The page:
Undergoing surgery of any type can result in side effects — and oral surgery is no exception. Fortunately, most people experience minor side effects such as drowsiness from the anesthesia, some swelling at the surgery site and a small amount of bleeding. Knowing about the rare side effects that can occur helps patients recover more smoothly while also protecting their health.
1. Sinus Perforation
Every person's facial anatomy differs, so the space between the sinus floor and the roots of the teeth involved could be ample or very little. In patients whose sinuses are located very near the roots of their teeth — or whose sinuses actually touch their roots — there is an increased chance of sinus perforation.
Treatment comprises three steps and is necessary to reduce the likelihood of a sinus infection and to stop fluid from draining between the mouth and nose. First, a resorbable membrane or collagen plug is placed at the site of the perforation. Bone-graft particulate is gently packed into the sides of the perforation. The final step involves the placement of another plug made of collagen or another dissolvable material over the bone graft to keep it in place while it heals.
Lockjaw is most often associated with the name of a tetanus infection that is caused by a bacteria. While many of the same symptoms can occur, lockjaw can happen because of other causes besides tetanus.
Sometimes called trismus, lockjaw is characterized by the painful contraction of the jaw's chewing muscles that often become inflamed. The result is that movement of the mouth is restricted to only the width of a couple of fingers. This can cause a number of issues for the person, including restricting the ability to eat, speak and swallow. Maintaining proper oral hygiene is also almost impossible to perform.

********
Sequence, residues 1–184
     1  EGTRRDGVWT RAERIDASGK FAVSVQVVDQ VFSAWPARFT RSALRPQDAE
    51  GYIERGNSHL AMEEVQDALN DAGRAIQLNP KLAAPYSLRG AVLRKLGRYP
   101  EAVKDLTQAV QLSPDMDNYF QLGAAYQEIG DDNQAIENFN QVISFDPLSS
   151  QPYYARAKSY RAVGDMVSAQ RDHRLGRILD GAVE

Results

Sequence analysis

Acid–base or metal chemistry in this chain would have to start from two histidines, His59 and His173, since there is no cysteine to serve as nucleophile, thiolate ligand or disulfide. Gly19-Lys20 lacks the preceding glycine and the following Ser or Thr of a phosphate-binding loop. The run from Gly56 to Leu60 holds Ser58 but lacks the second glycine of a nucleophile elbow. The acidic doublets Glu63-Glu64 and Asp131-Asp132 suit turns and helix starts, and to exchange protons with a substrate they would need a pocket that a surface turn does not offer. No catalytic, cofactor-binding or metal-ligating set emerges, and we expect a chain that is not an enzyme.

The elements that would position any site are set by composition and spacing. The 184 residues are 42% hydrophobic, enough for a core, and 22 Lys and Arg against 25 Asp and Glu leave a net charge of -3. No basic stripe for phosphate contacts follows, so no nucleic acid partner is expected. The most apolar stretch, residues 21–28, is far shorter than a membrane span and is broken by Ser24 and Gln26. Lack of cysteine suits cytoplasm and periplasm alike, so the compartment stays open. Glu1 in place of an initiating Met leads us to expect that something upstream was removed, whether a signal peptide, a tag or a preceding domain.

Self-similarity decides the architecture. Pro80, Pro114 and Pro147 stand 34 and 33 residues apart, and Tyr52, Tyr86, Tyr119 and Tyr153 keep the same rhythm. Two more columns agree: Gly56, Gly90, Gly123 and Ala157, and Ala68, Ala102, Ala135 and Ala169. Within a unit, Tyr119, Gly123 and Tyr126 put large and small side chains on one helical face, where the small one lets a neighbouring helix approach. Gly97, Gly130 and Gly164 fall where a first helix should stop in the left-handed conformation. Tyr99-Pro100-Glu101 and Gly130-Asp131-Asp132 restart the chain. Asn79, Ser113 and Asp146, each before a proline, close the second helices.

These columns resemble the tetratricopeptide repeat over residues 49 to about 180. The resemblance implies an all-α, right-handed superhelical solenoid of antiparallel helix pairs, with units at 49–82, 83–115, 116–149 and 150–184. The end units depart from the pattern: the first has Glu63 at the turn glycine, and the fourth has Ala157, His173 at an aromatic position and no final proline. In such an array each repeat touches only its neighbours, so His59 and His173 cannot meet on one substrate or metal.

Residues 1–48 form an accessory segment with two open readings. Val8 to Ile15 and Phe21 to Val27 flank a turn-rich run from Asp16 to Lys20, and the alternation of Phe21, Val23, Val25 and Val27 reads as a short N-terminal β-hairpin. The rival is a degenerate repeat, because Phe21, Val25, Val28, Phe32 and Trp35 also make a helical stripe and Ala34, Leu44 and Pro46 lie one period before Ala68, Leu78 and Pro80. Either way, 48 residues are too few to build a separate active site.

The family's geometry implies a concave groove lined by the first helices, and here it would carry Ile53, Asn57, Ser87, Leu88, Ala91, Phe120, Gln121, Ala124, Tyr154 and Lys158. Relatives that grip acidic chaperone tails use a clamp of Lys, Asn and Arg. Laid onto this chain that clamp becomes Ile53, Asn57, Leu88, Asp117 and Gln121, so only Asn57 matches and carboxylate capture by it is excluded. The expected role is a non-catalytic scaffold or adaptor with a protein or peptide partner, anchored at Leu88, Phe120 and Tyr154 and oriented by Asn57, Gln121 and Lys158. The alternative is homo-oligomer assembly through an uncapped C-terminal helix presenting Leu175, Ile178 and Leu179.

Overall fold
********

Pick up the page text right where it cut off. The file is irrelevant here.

Trismus can result from trauma to the jaw, because of temporomandibular joint disorder (TMJD) or due to oral surgery. Sometimes a patient who has lower wisdom teeth extracted contracts lockjaw because of the resulting inflammation or the jaw's hyperextension during surgery. In other cases, the tissues are damaged during the delivery of anesthesia.
While trismus is often a temporary condition, early treatment provides a better outcome for the patient. Medication, a diet consisting of soft foods and using a device that stretches the jaw are common treatment options. Physical therapy in the form of direct massage of the affected area and jaw-stretching exercises can also be beneficial.
Like many other surgical procedures, oral surgery has rare side effects that can be potentially serious. In most cases, a patient who has oral surgery experiences only minor irritation, bleeding and/or swelling. The key is to choose your oral surgeon wisely.
Northwest Oral provides its patients with only the highest level of care when it comes to oral surgery. Each of our doctors is board-certified and has specialized training in the administration of anesthesia and other surgical procedures. Patients at Northwest Oral are in the safest and most skilled hands. Contact Northwest Oral today to schedule an appointment.